Kevin: "Based on the benefits employees have, it looks like you re-invested catalog dollars in a lot of employee programs."

Anna Carter: We sure did. We built the workout center, the cafeteria, we hired a Wellness Director, we added the daycare center, we did all of that with the money we used to spend on catalog marketing. Our employees, in kind, spend more time here, they are healthier, happier, and work harder at merchandising and marketing our website."

Kevin: "Thanks for taking the time to chat with me today, Ms. Carter."

Anna Carter: "And thank you for spending time working with Sarah Wheldon on a five year forecast for where our business will be in 2015 without catalog marketing. I appreciate the Online Marketing Simulation work you did for us. If Gliebers Dresses invites you back, be sure to pass along my best wishes to Glenn. I'm sure that our decision to kill the catalog is absolutely knawing at him."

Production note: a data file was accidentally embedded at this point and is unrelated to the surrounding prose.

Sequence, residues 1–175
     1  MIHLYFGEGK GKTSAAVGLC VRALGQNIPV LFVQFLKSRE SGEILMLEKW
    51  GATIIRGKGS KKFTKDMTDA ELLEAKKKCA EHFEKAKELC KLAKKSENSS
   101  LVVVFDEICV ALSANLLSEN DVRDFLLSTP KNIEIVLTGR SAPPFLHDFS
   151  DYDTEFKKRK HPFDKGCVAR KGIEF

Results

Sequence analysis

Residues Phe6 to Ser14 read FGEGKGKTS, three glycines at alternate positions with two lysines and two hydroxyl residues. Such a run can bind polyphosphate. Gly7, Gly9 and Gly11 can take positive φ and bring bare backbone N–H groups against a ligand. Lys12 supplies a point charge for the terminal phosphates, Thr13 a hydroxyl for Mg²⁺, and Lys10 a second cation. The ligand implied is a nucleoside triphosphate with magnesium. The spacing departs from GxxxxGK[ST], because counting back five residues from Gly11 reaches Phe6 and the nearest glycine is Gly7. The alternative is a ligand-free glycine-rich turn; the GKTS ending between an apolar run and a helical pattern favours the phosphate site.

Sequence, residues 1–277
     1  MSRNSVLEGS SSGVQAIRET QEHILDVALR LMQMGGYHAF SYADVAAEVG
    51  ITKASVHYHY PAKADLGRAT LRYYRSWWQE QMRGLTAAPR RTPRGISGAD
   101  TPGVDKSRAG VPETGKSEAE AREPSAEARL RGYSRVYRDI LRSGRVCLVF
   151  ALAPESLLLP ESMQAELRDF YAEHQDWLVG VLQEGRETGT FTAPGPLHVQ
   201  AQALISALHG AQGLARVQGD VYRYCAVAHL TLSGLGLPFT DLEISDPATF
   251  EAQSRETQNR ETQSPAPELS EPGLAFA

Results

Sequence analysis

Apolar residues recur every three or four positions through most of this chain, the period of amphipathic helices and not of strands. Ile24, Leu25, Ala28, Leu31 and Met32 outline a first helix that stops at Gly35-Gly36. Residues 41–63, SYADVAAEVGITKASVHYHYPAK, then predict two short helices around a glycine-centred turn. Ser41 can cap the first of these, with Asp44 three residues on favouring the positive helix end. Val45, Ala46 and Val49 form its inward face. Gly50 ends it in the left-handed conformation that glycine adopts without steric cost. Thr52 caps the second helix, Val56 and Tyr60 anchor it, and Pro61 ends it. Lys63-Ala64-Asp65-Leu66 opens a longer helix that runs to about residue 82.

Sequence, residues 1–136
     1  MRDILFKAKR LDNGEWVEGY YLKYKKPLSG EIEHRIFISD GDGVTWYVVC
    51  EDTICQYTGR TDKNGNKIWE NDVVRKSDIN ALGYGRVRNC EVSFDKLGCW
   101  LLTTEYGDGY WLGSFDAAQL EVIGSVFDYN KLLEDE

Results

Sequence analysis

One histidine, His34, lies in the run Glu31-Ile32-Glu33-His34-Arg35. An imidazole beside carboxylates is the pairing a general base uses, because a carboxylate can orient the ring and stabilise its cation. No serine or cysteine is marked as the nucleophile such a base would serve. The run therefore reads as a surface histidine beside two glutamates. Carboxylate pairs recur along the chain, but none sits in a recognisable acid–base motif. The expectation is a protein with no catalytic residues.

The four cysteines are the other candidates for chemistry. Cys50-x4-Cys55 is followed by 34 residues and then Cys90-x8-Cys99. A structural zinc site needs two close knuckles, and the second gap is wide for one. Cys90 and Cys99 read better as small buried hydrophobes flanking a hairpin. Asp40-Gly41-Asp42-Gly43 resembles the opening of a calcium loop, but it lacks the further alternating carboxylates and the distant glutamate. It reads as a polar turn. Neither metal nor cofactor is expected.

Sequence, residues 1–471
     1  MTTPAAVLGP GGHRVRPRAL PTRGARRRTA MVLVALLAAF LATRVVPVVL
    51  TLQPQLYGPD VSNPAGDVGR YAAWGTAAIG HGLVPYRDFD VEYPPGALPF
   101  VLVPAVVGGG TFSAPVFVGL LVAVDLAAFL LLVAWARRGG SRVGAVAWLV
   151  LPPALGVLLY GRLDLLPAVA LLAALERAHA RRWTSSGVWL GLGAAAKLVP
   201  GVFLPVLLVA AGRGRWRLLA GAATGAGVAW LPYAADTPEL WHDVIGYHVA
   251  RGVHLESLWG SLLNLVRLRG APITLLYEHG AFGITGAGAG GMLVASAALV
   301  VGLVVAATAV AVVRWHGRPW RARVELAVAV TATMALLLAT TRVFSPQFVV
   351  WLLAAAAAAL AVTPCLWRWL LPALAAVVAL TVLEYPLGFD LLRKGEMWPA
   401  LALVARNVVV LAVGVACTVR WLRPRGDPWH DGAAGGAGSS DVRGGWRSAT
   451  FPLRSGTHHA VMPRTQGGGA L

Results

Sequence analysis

1. Kevin, this scenario, from the dashboard screens all around the company showing financial performance and customer interaction, to the optimization of presentation by employees, all of it in real-time, is also a description of how we ran Home Shopping Network in 1995.

    Of course, the interactions were over the phone, the customer comments were typed into terminals by call-enter folks, and the landing page was the television screen as people flipped through the channels.

    But, as you said, the technology doesn't matter; what matters is the business model; customer-centricity driven by feedback, optimized in real time.

    The interesting thing for me is this: regardless of the catalog issue, there are still very few pure play web stores that optimize merchandise assortment and presentation in real time. They have hourly sales data but have weekly sales meetings.